But MedPAC admits in its 2017 report that the arbitration would probably be designed by HHS in the rulemaking process.  Unlike baseball or the New York arbitration law, the government controls the entire process, from the rules to deciding when arbitration would be utilized to who becomes the arbitrator.  This process makes the arbitrator a non-neutral party that is between the pharmaceutical manufacturer and the aggrieved HHS.  If the manufacturer chooses not to participate, their drug will not be covered.  How this process could ever be truly fair and independent is difficult to comprehend. It is in effect a price control.

Our organizations have long maintained that competition, not government-imposed price controls, lowers cost and encourages innovation. Too often, the lack of competition can be blamed on government actions. According to a February 25, 2019 Pew Charitable Trusts’ report, generic drug user fees have had mixed results. For example, Pew noted Food and Drug Administration (FDA) approvals have increased, but the median approval time has not significantly declined. Furthermore, there are more than 500 brand drugs that still lack competition even though their patents and periods of exclusivity have expired. These are the very drugs that invite huge price increases.

It would be better for Congress to make sure the FDA continues to not only reduce the backlog but also expedite generic drug approval times, while providing incentives to pharmaceutical manufacturers to develop generic alternatives to the drugs with no competition. Congress also needs to focus on how the FDA is implementing the proposals found in the 21st Century Cures Act that are supposed to modernize and speed up clinical trials and the drug approval process for innovative drugs. Speeding up approvals for innovative drugs could help encourage more “me too” drugs, which are drugs in the same class and provide choice and competition when patents are still valid.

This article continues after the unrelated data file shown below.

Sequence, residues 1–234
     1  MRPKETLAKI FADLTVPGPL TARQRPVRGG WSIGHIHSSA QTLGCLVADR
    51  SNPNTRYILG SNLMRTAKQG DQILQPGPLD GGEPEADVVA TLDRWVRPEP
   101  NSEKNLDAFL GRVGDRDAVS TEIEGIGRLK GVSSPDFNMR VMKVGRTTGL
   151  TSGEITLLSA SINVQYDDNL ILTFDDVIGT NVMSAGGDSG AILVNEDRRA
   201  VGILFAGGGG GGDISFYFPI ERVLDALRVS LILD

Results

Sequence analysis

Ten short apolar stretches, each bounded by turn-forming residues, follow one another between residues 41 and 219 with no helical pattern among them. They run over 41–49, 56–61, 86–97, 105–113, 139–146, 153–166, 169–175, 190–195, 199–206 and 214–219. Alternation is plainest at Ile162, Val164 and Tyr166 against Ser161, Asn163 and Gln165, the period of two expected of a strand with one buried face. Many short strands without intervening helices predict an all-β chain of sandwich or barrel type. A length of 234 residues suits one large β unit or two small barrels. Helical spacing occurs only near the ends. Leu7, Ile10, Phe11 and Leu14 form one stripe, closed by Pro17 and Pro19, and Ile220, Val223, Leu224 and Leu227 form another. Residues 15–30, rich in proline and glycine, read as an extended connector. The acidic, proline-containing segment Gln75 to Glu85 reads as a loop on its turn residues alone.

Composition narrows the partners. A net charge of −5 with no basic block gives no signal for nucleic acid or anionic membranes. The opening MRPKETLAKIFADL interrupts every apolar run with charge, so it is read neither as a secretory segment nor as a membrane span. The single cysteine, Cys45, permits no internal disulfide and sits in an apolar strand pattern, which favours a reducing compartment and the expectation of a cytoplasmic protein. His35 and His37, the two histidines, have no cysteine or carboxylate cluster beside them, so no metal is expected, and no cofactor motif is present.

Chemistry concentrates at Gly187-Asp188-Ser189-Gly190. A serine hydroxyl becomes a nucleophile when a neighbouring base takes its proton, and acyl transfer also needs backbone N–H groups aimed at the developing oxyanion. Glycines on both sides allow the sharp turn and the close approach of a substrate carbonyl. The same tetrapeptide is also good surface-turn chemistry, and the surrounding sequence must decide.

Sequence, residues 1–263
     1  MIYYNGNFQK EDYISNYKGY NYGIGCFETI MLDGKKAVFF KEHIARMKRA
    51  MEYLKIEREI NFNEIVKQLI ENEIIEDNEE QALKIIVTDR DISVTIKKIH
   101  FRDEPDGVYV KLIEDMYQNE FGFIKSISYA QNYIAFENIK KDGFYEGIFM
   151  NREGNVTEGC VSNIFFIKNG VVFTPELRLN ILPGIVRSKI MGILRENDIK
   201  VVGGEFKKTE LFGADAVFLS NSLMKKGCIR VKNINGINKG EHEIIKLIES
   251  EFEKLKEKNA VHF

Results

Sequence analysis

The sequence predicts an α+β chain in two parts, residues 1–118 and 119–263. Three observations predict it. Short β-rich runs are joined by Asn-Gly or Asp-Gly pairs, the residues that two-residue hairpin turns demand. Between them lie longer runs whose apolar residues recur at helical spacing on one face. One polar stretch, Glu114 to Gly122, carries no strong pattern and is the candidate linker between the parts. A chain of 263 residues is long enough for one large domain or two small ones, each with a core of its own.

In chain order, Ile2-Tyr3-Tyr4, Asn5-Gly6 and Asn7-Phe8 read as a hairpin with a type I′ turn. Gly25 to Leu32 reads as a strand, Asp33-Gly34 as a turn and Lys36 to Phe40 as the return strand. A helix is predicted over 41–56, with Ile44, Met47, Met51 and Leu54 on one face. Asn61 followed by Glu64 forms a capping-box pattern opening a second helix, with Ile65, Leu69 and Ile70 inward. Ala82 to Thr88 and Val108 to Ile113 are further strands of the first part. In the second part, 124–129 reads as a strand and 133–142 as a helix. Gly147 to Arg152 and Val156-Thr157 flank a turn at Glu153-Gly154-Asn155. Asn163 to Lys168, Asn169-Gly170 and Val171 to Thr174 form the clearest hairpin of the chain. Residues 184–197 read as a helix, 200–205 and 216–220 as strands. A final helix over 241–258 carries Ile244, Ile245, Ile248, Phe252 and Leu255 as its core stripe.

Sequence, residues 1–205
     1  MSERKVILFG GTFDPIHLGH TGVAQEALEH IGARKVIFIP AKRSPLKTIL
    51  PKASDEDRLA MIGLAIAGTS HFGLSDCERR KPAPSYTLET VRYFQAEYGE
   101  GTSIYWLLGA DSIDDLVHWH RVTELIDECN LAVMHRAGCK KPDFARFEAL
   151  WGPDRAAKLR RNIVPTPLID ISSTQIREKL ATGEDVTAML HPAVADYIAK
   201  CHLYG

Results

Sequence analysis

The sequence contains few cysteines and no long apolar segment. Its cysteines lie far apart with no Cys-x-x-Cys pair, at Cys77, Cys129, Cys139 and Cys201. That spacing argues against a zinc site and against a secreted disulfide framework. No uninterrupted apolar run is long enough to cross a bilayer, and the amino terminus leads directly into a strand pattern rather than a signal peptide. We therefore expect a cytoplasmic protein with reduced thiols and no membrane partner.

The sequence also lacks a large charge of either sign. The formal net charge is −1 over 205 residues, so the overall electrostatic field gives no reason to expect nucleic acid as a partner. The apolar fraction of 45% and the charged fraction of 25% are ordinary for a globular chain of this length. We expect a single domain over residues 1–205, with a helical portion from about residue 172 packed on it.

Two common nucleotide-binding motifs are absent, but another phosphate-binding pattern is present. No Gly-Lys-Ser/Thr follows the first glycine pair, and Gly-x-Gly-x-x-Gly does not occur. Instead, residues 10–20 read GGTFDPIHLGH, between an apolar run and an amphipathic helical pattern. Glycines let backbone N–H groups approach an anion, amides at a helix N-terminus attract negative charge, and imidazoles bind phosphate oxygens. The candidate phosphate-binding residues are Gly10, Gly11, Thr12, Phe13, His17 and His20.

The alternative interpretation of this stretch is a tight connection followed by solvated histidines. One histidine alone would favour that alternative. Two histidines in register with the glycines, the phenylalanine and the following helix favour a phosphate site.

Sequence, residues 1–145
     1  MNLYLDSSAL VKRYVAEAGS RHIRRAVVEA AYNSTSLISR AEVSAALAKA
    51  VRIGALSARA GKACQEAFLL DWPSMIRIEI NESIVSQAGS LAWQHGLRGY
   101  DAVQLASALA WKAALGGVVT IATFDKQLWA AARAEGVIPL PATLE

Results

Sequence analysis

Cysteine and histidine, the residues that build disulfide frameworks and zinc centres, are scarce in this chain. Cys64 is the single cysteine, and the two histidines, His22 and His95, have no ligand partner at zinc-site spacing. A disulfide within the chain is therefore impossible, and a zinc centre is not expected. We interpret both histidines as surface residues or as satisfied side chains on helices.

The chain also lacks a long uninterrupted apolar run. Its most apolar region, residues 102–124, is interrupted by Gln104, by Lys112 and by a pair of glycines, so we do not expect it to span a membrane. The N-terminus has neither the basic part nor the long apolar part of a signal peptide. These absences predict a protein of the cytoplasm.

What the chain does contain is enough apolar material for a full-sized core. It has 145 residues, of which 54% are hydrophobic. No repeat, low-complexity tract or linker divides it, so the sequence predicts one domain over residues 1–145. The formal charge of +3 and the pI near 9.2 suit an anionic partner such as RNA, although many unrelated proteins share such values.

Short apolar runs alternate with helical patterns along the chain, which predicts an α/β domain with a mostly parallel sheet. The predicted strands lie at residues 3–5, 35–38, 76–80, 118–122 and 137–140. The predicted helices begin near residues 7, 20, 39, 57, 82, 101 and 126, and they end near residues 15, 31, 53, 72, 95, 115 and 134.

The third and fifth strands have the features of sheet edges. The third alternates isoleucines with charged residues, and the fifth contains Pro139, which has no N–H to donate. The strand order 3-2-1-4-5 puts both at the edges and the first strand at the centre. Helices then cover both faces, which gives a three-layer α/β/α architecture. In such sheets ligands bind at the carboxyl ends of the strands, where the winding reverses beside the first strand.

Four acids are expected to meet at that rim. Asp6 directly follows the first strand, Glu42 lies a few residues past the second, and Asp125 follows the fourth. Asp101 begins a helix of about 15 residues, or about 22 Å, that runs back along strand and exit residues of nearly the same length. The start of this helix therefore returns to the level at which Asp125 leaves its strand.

These market-based solutions are far better than proposals like binding arbitration that are in fact government price controls.


Thomas Schatz
Council for Citizens Against Government Waste

Grover Norquist
Americans for Tax Reform 

Daniel Schneider
Executive Director 
American Conservative Union    

Pete Sepp
National Taxpayers Union

George Landrith
Frontiers of Freedom

Peter J. Pitts
Center for Medicine in the Public Interest

Sarah Anderson
Federal Affairs Manager

David Williams
Taxpayers Protection Alliance

Andrew F. Quinlan
Center for Freedom and Prosperity

Dee Stewart
Americans for a Balanced Budget

Ryan Ellis
Center for a Free Economy    

Jeffrey Mazzella
Center for Individual Freedom

Phil Kerpen 
American Commitment

Ginevra Joyce-Myers
Executive Director
Center for Innovation and Free Enterprise

Lisa B. Nelson
ALEC Action

Sara Croom
Executive Director
Trade Alliance to Promote Prosperity

Fred Roeder
Health Care Economist/Managing Director
Consumer Choice Center

Charles Sauer
Market Institute

James Edwards
Executive Director
Conservatives for Property Rights    

Matthew Kandrach
Consumer Action for a Strong Economy

Tom Giovanetti
Institute for Policy Innovation    

Colin Hanna
Let Freedom Ring

Karen Kerrigan
President & CEO
Small Business & Entrepreneurship Council

Stephen Pociask
President and CEO
American Consumer Institute

Dick Patten
American Business Defense Council

Mario H. Lopez
Hispanic Leadership Fund

CC: U.S. House of Representatives;
       U.S. Senate

Click for PDF

Issues Topics: 
Letter Type: 
Coalition Letters

Sign Up For Email Updates

Optional Member Code